Until recently, the fight over Roundup has mostly focused on its active ingredient, glyphosate. But mounting evidence, including one study published in February, shows it’s not only glyphosate that’s dangerous, but also chemicals listed as “inert ingredients” in some formulations of Roundup and other glyphosate-based weed killers. Though they have been in herbicides — and our environment — for decades, these chemicals have evaded scientific scrutiny and regulation in large part because the companies that make and use them have concealed their identity as trade secrets.
Source: "New Evidence About the Dangers of Monsanto’s Roundup" https://theintercept.com/2016/...
Remember the infamous interview where the Monsanto lobbyist, Patrick Moore, claimed that Roundup was safe to drink but then refused to actually drink any? May be he knew about this. And no your argument about coal doesn't hold water here. There's really no point to claiming that something's safe because other things are more dangerous. In addition, Roundup is far more dangerous than radioactivity from coal. Then the point about Roundup users tasting it? You don't think that they may inhale it while spraying it from backpacks, tractors, and mobile spray tanks, do you?
Let's start with you suggesting an alternative. Of all the chemicals farmers use to control weeds on their farms, round-up is far and away the safest. If you are truly concerned for the farmers out there applying it, what is their alternative? They either don't spray anything to control weeds, or they use MORE dangerous chemicals than round-up.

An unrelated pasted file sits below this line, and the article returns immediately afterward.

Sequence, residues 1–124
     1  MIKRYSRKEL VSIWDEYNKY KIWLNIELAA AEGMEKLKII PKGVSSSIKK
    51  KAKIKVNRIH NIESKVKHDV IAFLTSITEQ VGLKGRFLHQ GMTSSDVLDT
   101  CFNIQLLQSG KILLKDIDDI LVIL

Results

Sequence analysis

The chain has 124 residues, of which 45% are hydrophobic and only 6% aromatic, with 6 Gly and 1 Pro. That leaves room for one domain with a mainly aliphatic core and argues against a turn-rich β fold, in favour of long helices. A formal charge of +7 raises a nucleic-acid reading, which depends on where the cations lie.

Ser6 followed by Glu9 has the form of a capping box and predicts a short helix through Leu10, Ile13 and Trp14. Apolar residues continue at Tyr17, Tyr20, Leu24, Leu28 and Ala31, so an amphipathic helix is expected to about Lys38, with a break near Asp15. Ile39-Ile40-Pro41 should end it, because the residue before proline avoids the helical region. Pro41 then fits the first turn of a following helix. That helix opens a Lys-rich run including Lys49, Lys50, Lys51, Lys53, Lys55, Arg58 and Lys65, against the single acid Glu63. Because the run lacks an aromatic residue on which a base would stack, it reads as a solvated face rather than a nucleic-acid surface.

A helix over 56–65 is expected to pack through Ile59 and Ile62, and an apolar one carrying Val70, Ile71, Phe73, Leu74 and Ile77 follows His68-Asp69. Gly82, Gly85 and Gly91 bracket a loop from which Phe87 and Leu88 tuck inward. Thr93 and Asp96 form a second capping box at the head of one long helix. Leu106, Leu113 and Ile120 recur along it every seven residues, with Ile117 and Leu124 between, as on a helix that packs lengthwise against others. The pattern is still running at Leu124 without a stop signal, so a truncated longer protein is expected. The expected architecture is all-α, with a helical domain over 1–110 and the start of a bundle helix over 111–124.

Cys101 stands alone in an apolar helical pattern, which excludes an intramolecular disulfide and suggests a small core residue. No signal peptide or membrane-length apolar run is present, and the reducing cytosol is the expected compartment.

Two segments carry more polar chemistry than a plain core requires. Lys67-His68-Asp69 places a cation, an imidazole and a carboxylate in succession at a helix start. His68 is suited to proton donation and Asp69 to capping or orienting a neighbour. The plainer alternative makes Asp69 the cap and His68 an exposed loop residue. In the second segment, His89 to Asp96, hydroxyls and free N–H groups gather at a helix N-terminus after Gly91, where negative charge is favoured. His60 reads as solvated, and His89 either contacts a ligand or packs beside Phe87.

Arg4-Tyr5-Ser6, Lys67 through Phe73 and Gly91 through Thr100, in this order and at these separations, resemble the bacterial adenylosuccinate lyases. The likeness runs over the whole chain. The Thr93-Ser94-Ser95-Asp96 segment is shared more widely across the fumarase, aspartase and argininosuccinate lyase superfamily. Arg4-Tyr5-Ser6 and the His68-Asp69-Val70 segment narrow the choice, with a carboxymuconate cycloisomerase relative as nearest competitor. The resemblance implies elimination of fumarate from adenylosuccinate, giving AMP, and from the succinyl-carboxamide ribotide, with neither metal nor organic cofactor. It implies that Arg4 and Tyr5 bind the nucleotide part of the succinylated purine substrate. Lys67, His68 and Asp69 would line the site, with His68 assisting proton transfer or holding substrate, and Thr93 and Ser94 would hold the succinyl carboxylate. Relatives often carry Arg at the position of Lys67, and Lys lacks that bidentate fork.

Let's also have some perspective on 'danger' here. I'm having trouble pulling up the human LD50 for round-up. That's likely because they lack test cases of anybody actually dying that way to reference. Regardless, let's list the ld50 for round up and some other substances, shall we?
LD50 in rats:
Vitamin A 2000mg/kg
Table Salt 3000mg/kg
So when sampling Aspirin, Salt,Vitamin A, Alcohol, Sugar and Round-up, only TWO of those substances are less toxic than round-up. Maybe a little less fear and uncertainty is warranted. Particularly given that nobody is advocating incorporating glyphosate into our diets. We are talking about glyphosate being used to control weeds in crops, and in such a way that the amount that ever traces it's way off the farm is minuscule.
Taking a case of 'extreme' glyophsate concentrations from the first alarmist source I could find cited 9mg/kg of glyphosate in Norwegian Soy GE crops. Takign the average daily food intake for people at 2kg and assuming we force feed a subject exclusively this 'extreme' contaminated soy bean, we get a daily intake of 18mg of glyphosate. Now, that's an utterly extreme case, and not realistic, but let's examine that worst of worst cases closer. The average human weighs in at 80kg and it's inexact, but the best we've got to say the LD50 is like rats at 5000mg/kg, meaning that a lethal dose for our average subject is 400,000mg. Working out the math our extremely contaminated GE soybeans are inflicting 0.000045% of a lethal dose.
Let's give more reference, the average daily salt intake for our regular joe we just victimized is 3400mg. Again weighing in at 80kg and with a LD50 for salt at 3000mg/kg we have a lethal dose of salt weighing 240,000mg. Doing the math again, our victim regularly consumes 0.014% of a lethal dose of salt daily all by themselves.
The difference between medicine and poison is dosage, and in the case of gylphosate our food is nowhere near the dangerous stage all the fear mongers want to promote.